10. ^ Lindor, KD (May 2011). "Farnesoid X receptor agonists for primary biliary cirrhosis". Current Opinion in Gastroenterology. 27 (3): 285–8. doi:10.1097/MOG.0b013e32834452c8. PMID 21297469. 
    11. ^ Fiorucci S, Cipriani S, Mencarelli A, Baldelli F, Bifulco G, Zampella A (August 2011). "Farnesoid X receptor agonist for the treatment of liver and metabolic disorders: focus on 6-ethyl-CDCA". Mini Rev Med Chem. 11 (9): 753–62. doi:10.2174/138955711796355258. PMID 21707532. 
    12. ^ Hirschfield GM, Mason A, Luketic V, Lindor K, Gordon SC, Mayo M, Kowdley KV, Vincent C, Bodhenheimer HC, Parés A, Trauner M, Marschall HU, Adorini L, Sciacca C, Beecher-Jones T, Castelloe E, Böhm O, Shapiro D (2015). "Efficacy of obeticholic acid in patients with primary biliary cirrhosis and inadequate response to ursodeoxycholic acid". Gastroenterology. 148 (4): 751–61.e8. doi:10.1053/j.gastro.2014.12.005. PMID 25500425. 
    13. ^ Intercept Pharma. "Press release: Intercept Announces Positive Pivotal Phase 3 POISE Trial Results". Retrieved March 27, 2014. 
    14. ^ Adorini L, Pruzanski M, Shapiro D (September 2012). "Farnesoid X receptor targeting to treat nonalcoholic steatohepatitis". Drug Discov. Today. 17 (17–18): 988–97. doi:10.1016/j.drudis.2012.05.012. PMID 22652341. 
    15. ^ Mudaliar S, Henry RR, Sanyal AJ, Morrow L, Marschall HU, Kipnes M, Adorini L, Sciacca CI, Clopton P, Castelloe E, Dillon P, Pruzanski M, Shapiro D (September 2013). "Efficacy and safety of the farnesoid X receptor agonist obeticholic acid in patients with type 2 diabetes and nonalcoholic fatty liver disease". Gastroenterology. 145 (3): 574–82.e1. doi:10.1053/j.gastro.2013.05.042. PMID 23727264.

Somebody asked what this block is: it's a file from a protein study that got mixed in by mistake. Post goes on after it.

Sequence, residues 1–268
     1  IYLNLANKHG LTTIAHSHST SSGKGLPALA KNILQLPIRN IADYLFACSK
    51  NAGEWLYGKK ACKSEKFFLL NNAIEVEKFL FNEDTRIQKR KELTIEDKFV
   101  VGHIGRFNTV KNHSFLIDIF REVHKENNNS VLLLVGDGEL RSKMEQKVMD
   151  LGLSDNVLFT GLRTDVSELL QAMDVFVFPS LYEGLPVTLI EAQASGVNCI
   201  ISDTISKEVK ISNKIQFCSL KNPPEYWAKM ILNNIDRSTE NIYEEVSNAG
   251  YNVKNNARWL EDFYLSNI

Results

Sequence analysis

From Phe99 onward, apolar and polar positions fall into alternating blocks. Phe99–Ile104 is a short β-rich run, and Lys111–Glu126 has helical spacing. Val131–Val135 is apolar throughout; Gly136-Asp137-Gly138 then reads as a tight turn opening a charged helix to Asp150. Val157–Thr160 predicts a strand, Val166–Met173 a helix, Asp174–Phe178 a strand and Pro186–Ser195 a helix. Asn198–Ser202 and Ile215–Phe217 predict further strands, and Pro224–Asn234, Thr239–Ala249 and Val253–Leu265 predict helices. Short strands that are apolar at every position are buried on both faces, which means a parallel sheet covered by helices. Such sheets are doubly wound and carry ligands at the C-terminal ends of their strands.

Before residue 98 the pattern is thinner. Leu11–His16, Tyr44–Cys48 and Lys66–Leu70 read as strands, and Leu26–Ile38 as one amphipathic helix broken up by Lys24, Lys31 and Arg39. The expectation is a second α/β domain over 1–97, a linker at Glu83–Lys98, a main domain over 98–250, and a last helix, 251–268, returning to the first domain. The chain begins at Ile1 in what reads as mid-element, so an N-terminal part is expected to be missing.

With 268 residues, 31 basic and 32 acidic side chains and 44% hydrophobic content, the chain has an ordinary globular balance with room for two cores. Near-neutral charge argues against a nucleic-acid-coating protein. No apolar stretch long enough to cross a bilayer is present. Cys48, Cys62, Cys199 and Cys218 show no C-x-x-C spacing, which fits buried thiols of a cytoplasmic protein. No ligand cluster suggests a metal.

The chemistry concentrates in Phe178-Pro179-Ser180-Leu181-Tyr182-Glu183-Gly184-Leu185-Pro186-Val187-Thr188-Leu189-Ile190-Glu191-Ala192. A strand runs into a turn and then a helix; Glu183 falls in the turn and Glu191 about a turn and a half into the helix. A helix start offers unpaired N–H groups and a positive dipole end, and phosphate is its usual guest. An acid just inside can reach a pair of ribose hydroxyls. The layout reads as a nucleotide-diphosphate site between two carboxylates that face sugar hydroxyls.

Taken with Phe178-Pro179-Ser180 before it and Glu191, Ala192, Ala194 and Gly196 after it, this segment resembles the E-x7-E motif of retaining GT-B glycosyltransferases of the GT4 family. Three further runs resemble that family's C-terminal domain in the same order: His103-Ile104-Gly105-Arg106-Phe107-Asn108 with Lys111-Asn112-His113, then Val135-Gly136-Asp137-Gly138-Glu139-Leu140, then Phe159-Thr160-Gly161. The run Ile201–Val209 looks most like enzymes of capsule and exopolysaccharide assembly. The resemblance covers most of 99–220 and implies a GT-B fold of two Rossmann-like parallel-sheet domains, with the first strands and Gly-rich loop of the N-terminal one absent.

16. ^ Neuschwander-Tetri BA, Loomba R, Sanyal AJ, Lavine JE, Van Natta ML, Abdelmalek MF, Chalasani N, Dasarathy S, Diehl AM, Hameed B, Kowdley KV, McCullough A, Terrault N, Clark JM, Tonascia J, Brunt EM, Kleiner DE, Doo E (2015). "Farnesoid X nuclear receptor ligand obeticholic acid for non-cirrhotic, non-alcoholic steatohepatitis (FLINT): a multicentre, randomised, placebo-controlled trial". Lancet. 385 (9972): 956–65. doi:10.1016/S0140-6736(14)61933-4. PMC 4447192Freely accessible. PMID 25468160. 
    17. ^ http://www.thestreet.com/story/12714549/1/intercept-pharma-government-scientists-spar-over-negative-safety-of-liver-drug-emails-show.html?puc=yahoo&cm_ven=YAHOO
    18. ^ Verbeke L, Farre R, Trebicka J, Komuta M, Roskams T, Klein S, Vander Elst I, Windmolders P, Vanuytsel T, Nevens F, Laleman W (November 2013). "Obeticholic acid, a farnesoid-X receptor agonist, improves portal hypertension by two distinct pathways in cirrhotic rats". Hepatology. 59 (6): :2286–98. doi:10.1002/hep.26939. PMID 24259407. 
    19. ^ Walters JR, Tasleem AM, Omer OS, Brydon WG, Dew T, le Roux CW (November 2009). "A new mechanism for bile acid diarrhea: defective feedback inhibition of bile acid biosynthesis". Clin. Gastroenterol. Hepatol. 7 (11): 1189–94. doi:10.1016/j.cgh.2009.04.024. PMID 19426836. 
    20. ^ Zhang JH, Nolan JD, Kennie SL, Johnston IM, Dew T, Dixon PH, Williamson C, Walters JR (May 2013). "Potent stimulation of fibroblast growth factor 19 expression in the human ileum by bile acids". Am. J. Physiol. Gastrointest. Liver Physiol. 304 (10): G940–8. doi:10.1152/ajpgi.00398.2012. PMC 3652069Freely accessible. PMID 23518683. 
    21. ^ Walters JR, Johnston IM, Nolan JD, Vassie C, Pruzanski ME, Shapiro DA (January 2015). "The response of patients with bile acid diarrhoea to the farnesoid X receptor agonist obeticholic acid". Aliment. Pharmacol. Ther. 41 (1): 54–64. doi:10.1111/apt.12999. PMID 25329562. 

    External links

    source: https://en.wikipedia.org/wiki/Obeticholic_acid[/td_text_with_title]